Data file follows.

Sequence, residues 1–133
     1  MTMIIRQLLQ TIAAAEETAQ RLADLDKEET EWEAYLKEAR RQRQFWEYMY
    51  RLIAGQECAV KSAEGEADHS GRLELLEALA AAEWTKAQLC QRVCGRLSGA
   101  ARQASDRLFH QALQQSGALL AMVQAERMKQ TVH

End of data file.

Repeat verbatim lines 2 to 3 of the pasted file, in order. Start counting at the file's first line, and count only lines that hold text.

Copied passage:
     1  MTMIIRQLLQ TIAAAEETAQ RLADLDKEET EWEAYLKEAR RQRQFWEYMY
    51  RLIAGQECAV KSAEGEADHS GRLELLEALA AAEWTKAQLC QRVCGRLSGA